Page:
A Solution to ‘Defuel’ Sunken Ships
San Francisco, California
2017, High School, Prose
The Point Reyes, CA Tarball Incidents: Starting in November of 1997, scores of oil-drenched seabirds were found dead or dying on the shores of Point Reyes National Seashore along the California Coast. As these waves of perishing birds washed ashore, the National Park Service, NOAA (National Oceanic and Atmospheric Administration), and the Department of Fish and Game investigated the source of this disaster. These organizations conducted numerous analyses to determine the number of seabirds affected, and the scope of the oil’s impact on the ecosystem. But they could not find where it was all coming from. After several months, the number of dead oiled birds found on the beaches declined, and the onslaught seemed to have ended.
The San Mateo, CA Mystery Spill: In 2001, oil-soaked sea birds were again found dead by the hundreds, this time in San Mateo, CA. Volunteers and National Park Staff rushed to try to rescue and decontaminate the birds in order to return them to the wild, but many were too far gone for saving and had to be put down; others died from the stress of human contact during the process of oil removal, because these birds rarely come in contact with people. Meanwhile, the US Coast Guard and California Department of Fish and Wildlife hunted for the culprit, but their efforts were in vain. Could this have been caused by some natural phenomena? Or perhaps by bilge dumping, the illegal discharge of oil at sea that tankers were sometimes known to engage in? Again, the guilty party could not be found.
Finally, in 2002, the investigators discovered oil to be gushing from the S. S. Jacob Luckenbach, a freighter that sank in the Gulf of the Farallones half a century ago. When they tested the oil samples from the ship and compared them to samples collected from the feathers of the unfortunate seabirds, the chemistry analysis showed a match. This discovery resolved the Point Reyes and San Mateo mysteries.
A 2006 report from the California Department of Fish and Wildlife determined that the Luckenbach had been associated with multiple “mystery spills” over several decades, which occur as this sunken ship shifts with storms or tides. This vessel was responsible for the death of an estimated eight sea otters and 51,569 birds (including 31,806 Common Murres and 45 endangered Marbled Murrelets). $22.7 million were awarded by the National Pollution Funds Center to implement 14 restoration projects. The true cost of the devastation caused by this long and deadly disaster is far greater than can ever be repaired or restored by environmental remediation efforts. To prevent further oil leakage, the U.S. Coast Guard conducted diving operations in the summer of 2002 to remove the majority of the oil remaining on the Luckenbach.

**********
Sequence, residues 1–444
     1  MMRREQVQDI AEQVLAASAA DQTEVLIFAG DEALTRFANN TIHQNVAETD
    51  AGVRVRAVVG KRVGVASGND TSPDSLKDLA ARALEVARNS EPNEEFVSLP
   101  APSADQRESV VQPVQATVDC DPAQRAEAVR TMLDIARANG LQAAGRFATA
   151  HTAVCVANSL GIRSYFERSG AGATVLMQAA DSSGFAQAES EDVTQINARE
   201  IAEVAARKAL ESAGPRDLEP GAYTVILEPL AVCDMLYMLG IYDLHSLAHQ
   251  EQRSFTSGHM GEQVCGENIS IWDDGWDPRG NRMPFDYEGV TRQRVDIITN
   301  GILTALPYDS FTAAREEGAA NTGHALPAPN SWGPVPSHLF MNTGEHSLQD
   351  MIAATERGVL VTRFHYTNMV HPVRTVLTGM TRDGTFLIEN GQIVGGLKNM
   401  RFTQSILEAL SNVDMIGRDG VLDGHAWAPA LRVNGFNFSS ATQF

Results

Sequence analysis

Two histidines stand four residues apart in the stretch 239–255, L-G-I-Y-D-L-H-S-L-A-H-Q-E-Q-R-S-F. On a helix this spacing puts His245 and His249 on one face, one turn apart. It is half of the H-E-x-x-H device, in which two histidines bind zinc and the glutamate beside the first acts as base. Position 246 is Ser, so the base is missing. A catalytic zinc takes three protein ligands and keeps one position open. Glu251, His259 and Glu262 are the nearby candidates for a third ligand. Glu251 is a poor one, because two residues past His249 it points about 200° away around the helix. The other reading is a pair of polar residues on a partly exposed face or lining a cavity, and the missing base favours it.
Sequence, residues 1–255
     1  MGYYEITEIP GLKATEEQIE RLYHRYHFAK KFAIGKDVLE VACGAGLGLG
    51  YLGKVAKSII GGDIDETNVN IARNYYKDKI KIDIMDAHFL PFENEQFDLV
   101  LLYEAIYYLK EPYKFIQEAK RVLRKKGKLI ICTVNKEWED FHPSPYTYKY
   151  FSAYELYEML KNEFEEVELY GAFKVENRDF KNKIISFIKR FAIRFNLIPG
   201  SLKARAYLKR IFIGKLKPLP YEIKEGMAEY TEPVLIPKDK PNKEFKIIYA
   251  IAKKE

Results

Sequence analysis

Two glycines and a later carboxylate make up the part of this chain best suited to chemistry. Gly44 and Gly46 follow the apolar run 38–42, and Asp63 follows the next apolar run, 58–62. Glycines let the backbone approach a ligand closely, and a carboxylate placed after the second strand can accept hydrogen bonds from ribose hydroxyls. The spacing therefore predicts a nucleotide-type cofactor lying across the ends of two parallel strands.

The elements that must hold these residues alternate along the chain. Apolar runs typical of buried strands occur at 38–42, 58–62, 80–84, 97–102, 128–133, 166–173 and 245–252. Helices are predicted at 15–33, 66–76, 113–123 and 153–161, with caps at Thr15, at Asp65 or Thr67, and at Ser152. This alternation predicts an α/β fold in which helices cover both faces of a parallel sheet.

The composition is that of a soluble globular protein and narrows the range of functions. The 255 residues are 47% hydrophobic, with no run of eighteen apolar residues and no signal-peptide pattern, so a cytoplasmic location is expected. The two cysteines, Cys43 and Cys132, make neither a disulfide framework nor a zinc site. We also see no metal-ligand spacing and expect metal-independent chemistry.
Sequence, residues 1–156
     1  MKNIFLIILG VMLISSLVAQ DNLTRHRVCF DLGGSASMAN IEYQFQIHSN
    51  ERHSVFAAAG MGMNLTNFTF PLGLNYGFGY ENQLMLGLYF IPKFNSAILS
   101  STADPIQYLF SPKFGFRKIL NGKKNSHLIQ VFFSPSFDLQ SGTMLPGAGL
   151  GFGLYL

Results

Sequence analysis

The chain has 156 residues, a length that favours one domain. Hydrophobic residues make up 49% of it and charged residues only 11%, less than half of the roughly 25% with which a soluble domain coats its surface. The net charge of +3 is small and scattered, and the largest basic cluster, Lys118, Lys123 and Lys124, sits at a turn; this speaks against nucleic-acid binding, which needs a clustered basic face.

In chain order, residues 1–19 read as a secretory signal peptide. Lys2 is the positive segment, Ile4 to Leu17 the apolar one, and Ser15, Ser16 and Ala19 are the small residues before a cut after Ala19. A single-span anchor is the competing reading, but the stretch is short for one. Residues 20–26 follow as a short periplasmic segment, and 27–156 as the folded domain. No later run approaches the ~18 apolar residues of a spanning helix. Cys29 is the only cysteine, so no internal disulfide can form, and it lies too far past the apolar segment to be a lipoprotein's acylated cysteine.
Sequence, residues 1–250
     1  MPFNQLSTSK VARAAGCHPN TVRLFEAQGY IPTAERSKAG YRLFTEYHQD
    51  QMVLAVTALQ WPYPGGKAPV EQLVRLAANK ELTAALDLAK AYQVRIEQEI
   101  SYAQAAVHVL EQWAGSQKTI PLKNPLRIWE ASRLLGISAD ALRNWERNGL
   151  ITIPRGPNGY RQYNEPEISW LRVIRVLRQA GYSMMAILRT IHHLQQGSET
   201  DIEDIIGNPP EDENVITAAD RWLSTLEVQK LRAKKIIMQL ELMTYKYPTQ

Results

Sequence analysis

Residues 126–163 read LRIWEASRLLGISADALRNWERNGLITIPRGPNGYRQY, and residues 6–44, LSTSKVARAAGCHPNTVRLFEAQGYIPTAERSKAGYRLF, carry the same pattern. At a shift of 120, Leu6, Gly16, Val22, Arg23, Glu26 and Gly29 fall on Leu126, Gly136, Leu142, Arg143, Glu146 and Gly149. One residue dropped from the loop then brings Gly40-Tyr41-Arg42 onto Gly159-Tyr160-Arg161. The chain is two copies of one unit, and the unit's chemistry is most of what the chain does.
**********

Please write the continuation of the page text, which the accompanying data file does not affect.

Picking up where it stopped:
We need to protect and restore our seas. Marine pollution kills seabirds and other ocean life, hurts the health and livelihood of people who live near the ocean or who eat fish that swim in it, and destroys the natural beauty of the sea and coasts. The story of the Luckenbach is not an unusual one, as the sea floor off the coast of the United States alone is covered in many thousands of known shipwrecks. From tankers and cargo vessels, to World War II battleships and submarines that all hold fossil fuels, the ocean floor is littered with potential sources of devastating pollution awaiting release from these ancient vessels. Trying to deal with this huge number of shipwrecks at once seems like an insurmountable task, but there is a way to make this task easier. A NOAA report estimates that 107 of these wrecks in U.S. waters pose “a substantial threat,” so we should “defuel” these specifically identified vessels first.
Further simplifying this challenging task is the fact that NOAA already has much-practiced, modern techniques in place for identifying shipwrecks, in a two-step process which utilizes historical analysis and multibeam sonar data. When investigating or excavating a historic shipwreck, historical documents such as newspaper articles and first-hand accounts from the time period provide researchers with a general sense of where a particular wreck is located, after which multibeam sonar data scans of the seafloor are scrutinized for patterns that indicate a sunken vessel.
I propose that NOAA be granted funding for a large-scale disaster-prevention excavation of the 107 wrecks that have been identified as a substantial threat to the ecosystem, in which all of the oil remaining in these ships is safely extracted.
Many of these shipwrecks are gravesites where sailors and passengers of the past have come to rest, and to respect the importance of these historical landmarks and honor the lives lost in these disasters, we must act immediately to prevent ecological damage, which would only be a further tragedy for these fateful ships. Acting now to deal with these future problems is not only a safeguard for the environment, but is also a cost-saving measure. The $22.7 million spent implementing the 14 Luckenbach restoration projects is monumental when compared to the one-time costs that would be required to extract fuel oil from other ships and prevent future spills from happening.